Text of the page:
Chattanooga City Council members, saying they are troubled by the many unanswered questions that surround the process of recalling an elected city official, have tackled the task of reforming the process.
The first step, the chairman of the council’s legal committee said, will be to have the city attorney study other municipalities in Tennessee to get a better idea of how they handle recalls in their respective jurisdictions.
City attorney Mike McMahan, noting that state law takes precedence over the city’s charter, said that means officials here will be very limited in what they can do.
But one thing they can tackle, he said, is deciding how many people must sign petitions requesting recalls before one is held.
City Councilwoman Sally Robinson said she is troubled that a relatively small number of people who don’t like a particular elected official can force a recall vote – despite the fact that a majority of voters joined together to elect him or her.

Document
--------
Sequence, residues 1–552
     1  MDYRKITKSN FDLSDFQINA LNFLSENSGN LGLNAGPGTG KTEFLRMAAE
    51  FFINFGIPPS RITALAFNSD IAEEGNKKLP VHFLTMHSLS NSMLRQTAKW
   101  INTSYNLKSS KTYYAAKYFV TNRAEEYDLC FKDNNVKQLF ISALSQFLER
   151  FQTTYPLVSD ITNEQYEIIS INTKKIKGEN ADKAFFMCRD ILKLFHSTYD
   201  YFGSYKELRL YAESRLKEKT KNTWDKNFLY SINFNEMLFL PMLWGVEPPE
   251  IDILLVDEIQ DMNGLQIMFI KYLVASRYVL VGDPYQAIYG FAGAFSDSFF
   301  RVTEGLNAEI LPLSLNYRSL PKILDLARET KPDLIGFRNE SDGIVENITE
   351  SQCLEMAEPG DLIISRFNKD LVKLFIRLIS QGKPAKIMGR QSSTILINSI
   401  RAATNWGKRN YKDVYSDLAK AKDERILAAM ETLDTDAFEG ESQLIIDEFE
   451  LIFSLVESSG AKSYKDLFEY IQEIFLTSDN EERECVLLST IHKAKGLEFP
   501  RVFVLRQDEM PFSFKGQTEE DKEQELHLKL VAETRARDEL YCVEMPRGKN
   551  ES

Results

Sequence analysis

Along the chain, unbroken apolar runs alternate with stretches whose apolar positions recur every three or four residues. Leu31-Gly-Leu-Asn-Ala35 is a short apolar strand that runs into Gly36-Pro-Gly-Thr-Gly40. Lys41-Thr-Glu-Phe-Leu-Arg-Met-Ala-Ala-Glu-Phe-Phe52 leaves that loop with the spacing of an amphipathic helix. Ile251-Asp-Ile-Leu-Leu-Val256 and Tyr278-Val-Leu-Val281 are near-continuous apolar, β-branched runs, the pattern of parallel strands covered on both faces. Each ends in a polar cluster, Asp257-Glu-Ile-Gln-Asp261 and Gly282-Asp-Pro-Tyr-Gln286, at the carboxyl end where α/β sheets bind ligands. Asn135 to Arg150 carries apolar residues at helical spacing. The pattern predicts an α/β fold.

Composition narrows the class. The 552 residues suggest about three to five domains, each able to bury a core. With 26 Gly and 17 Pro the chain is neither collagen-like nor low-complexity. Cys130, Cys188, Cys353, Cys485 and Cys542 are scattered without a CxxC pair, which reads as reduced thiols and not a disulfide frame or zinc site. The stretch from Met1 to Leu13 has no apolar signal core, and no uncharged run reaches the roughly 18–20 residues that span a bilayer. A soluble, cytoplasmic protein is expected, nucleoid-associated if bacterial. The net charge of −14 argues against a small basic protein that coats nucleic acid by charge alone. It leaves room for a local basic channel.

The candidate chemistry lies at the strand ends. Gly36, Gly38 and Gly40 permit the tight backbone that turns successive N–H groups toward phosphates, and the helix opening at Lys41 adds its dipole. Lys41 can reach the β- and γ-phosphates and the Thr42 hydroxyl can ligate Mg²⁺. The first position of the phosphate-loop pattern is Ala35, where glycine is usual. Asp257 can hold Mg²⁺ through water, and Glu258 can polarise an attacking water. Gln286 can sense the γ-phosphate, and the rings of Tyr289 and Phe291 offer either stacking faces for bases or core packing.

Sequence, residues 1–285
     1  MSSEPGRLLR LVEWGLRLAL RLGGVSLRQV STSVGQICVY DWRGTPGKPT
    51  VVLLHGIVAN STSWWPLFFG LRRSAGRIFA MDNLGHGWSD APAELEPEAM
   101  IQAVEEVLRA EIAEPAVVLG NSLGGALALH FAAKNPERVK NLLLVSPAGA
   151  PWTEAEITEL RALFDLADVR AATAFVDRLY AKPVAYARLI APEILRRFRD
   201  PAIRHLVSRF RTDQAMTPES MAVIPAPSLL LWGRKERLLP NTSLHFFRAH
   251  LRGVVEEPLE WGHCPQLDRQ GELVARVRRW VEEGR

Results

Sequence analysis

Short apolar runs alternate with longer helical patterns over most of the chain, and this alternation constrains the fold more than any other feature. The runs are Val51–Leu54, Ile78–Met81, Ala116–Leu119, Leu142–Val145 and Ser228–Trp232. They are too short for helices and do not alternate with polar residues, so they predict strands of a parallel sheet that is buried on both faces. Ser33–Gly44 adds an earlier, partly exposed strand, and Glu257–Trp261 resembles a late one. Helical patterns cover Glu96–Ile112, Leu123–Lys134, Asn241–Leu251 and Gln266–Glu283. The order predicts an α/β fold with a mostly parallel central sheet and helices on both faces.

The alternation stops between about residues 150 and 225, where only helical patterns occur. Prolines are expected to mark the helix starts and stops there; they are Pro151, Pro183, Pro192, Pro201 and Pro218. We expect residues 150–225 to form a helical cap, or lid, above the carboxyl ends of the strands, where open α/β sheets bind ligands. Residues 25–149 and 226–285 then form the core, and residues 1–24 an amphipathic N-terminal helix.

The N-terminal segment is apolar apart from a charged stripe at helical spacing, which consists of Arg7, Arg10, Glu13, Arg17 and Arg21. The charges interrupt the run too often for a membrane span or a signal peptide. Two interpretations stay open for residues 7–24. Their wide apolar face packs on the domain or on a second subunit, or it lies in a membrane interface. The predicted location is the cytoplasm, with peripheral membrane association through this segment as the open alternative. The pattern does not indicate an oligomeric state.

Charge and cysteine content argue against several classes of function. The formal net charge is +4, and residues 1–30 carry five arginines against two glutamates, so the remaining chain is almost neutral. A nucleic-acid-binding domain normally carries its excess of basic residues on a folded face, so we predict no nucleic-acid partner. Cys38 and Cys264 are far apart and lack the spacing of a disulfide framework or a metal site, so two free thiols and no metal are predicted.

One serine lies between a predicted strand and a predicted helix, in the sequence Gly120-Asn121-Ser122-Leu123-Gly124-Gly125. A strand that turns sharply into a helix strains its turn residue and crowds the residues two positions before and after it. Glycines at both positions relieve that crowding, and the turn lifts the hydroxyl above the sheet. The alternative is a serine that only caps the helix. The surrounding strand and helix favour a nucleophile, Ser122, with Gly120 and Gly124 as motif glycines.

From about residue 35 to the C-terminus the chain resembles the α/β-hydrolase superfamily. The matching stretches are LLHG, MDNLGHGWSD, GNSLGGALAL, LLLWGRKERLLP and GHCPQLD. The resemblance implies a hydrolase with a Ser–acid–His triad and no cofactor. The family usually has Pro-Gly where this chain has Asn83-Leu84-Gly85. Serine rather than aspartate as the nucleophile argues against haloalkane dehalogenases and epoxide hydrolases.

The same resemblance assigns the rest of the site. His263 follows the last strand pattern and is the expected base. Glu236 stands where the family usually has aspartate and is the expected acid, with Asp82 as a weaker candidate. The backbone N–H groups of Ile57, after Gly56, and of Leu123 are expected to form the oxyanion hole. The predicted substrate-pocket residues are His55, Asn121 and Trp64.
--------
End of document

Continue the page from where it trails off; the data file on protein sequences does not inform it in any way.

Particularly offensive, she said, is that the people who work to overturn voters’ wish often didn’t even bother to vote in the earlier election.
But Councilman Andrae McGary, who said he has been told that the reason city elections are held in March is to deliberately discourage voter interest and participation, said officials cannot complain about people who don’t vote if elections are designed to keep people away from the polls.
It’s fine to consider ways to reform recall elections, he said, but the council should simultaneously move to have city elections take place at the same time as national and state elections which draw far more voter interest.